by Michael Brown, staff writer
This is The Pull List for the week of April 2, 2014. Over at Marvel this week, Ultimate Spider-Man reaches issue 200; a cloud of Terrigen Mist is transforming regular people into “inhumans” with amazing powers in Inhuman #1; The New Warriors continue their fight with the High Evolutionary in New Warriors #3; and in Spider-Man: Family Business, Spider-Man’s been targeted for termination by the Kingpin, and Spidey’s only hope is… his sister??
At DC Comics, Superman confronts Lex Luthor after the events in Forever Evil, but Lex is the hero and Superman is the villain in Action Comics #30; the Outsiders War continues in Green Arrow #30; Joker needs Catwoman’s help with his newest crime, and the Dynamic Duo are going to need some Batgirl-sized help of their own to stop them in Batman ’66 #31.
Gail Simone continues chronicling Red Sonja’s quest in Red Sonja #8 by Dynamite Comics; Frankenstein’s monster arrives in London and clashes with Jack the Ripper in Monster and Madman #2 from IDW; Valiant brings us an epic clash between Archer and Armstrong, Bloodshot, and the H.A.R.D. Corps in Archer & Armstrong #19; and Dark Horse Comics kicks off a new Star Wars series and a new season of Angel and Faith.
I’ve said this before and I’ll say it again. I was told many years ago as a young new comic book reader that the first issue hooks you and the second issue keeps you there. Moon Knight #2 is that kind of second issue. This one has the Fist of Khonshu chasing a sniper who is murdering seemingly random people, and written the way that only Warren Ellis can write it. And there’s actually less writing and more scripting, giving penciler Declan Shalvey and colorist Jordie Bellaire a chance to shine. And shine they do, in a definite dark and gritty kind of way. Some of the best artistic storytelling can be found in this book and Shalvey and Bellaire are brilliant, and Moon Knight has never looked better. Working off of Ellis’ script, Shalvey and Bellaire deliver an almost dialogue-free chase across New York City’s rooftops. And once Ellis’ set-up ends, this issue is fast-paced with enough action that once you reach the end, it’s like stopping just short of a brick wall and wondering what the heck happened. Great issue with Moon Knight at the top of his game. If you are a Punisher or Daredevil fan, this will make your list, too.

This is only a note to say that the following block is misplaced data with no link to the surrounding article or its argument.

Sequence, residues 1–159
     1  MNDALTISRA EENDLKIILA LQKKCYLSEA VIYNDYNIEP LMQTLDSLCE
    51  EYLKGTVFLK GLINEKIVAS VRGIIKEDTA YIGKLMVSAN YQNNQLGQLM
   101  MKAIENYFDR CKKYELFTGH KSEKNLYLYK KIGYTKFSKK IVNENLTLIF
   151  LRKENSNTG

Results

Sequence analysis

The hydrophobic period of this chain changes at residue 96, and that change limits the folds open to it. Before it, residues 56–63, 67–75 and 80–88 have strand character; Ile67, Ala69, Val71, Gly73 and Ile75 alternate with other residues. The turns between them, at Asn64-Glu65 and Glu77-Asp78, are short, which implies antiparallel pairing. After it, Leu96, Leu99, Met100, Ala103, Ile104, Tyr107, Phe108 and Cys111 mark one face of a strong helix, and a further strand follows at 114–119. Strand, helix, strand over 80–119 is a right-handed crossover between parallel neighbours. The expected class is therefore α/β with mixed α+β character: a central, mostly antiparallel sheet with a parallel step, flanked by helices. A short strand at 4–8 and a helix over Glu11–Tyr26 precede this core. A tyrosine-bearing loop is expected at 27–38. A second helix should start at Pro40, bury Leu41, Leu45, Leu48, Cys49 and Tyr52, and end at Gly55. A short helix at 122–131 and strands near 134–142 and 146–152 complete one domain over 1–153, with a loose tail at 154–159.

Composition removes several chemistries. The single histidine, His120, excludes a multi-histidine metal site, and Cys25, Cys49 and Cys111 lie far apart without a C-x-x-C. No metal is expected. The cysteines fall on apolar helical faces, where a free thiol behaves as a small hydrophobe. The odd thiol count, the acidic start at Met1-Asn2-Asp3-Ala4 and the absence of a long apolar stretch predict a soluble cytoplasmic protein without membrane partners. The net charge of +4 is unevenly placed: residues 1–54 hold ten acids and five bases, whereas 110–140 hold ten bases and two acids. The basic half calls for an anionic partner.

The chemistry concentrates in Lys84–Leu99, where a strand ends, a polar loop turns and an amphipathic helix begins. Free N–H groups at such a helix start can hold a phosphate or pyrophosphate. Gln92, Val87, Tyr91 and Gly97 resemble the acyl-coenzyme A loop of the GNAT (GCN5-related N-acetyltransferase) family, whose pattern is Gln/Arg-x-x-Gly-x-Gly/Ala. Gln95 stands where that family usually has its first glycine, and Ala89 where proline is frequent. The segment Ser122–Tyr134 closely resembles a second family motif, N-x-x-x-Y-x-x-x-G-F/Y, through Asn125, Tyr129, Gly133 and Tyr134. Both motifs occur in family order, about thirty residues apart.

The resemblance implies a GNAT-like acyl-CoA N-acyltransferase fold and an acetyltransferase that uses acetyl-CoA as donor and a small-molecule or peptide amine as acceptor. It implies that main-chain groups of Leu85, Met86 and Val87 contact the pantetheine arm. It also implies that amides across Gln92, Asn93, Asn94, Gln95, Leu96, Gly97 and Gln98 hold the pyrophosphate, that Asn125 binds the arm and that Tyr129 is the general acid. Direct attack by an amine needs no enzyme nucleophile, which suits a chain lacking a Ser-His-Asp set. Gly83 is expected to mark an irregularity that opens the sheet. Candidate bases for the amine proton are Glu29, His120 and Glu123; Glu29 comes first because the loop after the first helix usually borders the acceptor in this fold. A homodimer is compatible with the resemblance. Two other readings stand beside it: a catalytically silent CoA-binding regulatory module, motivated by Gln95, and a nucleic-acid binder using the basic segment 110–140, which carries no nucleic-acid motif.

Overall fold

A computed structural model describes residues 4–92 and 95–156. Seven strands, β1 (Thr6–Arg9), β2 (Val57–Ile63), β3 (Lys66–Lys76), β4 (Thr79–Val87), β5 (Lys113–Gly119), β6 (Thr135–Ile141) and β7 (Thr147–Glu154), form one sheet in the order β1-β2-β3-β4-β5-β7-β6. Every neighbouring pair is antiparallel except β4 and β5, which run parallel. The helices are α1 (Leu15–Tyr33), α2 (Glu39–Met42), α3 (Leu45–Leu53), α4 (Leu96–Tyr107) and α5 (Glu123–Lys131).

She-Hulk continues to be one of my favorite books. It’s fun and charming, two words that are almost anathema in comic book production these days. In this third issue, Jennifer is hired by none other than Doctor Doom’s son, who is seeking political asylum because he likes to party and just doesn’t want to be the next ruler of Latveria. Of course she agrees, because her practice is still new, she still needs the money, and she can rely on her unique skill set. And she’ll need her skill set because getting Doom Junior to the judge on time is going to be tricky when she’s pursued by hordes of Doombots as she tries to get across the city.
Writer Charles Soule and penciler Javier Pulido deliver a fun, chuckle-worthy, fast paced issue, and a great nod to the John Byrne breaking-the-fourth-wall She-Hulk series that Shulkie fans know and love. Soule and Pulido work well together and I couldn’t imagine a better team for this book. And even with my initial hesitation over Pulido’s art, much like my early feelings about Dan Schoening’s work on IDW’s Ghostbusters, his artwork is the perfect comedic visual punch this book needs.
After you’re finished with your grittier books like Detective Comics, Punisher, Moon Knight, and Green Arrow, take a breath, clear your head, and have some fun with She-Hulk. It’s like eating a fabulous steak, then following it up with a perfect dessert. A perfect comics meal.
And that’s my pull list for this week. Next week brings us Chris Claremont’s return to the X-Men with his new Nightcrawler series, a new Batman book for DC, Daredevil’s 50th anniversary celebration, Iron Fist’s return to monthly comics, and still more! Awesome and exciting stuff. It’s a good time to be a comics fan.
Happy reading, Kryptonics!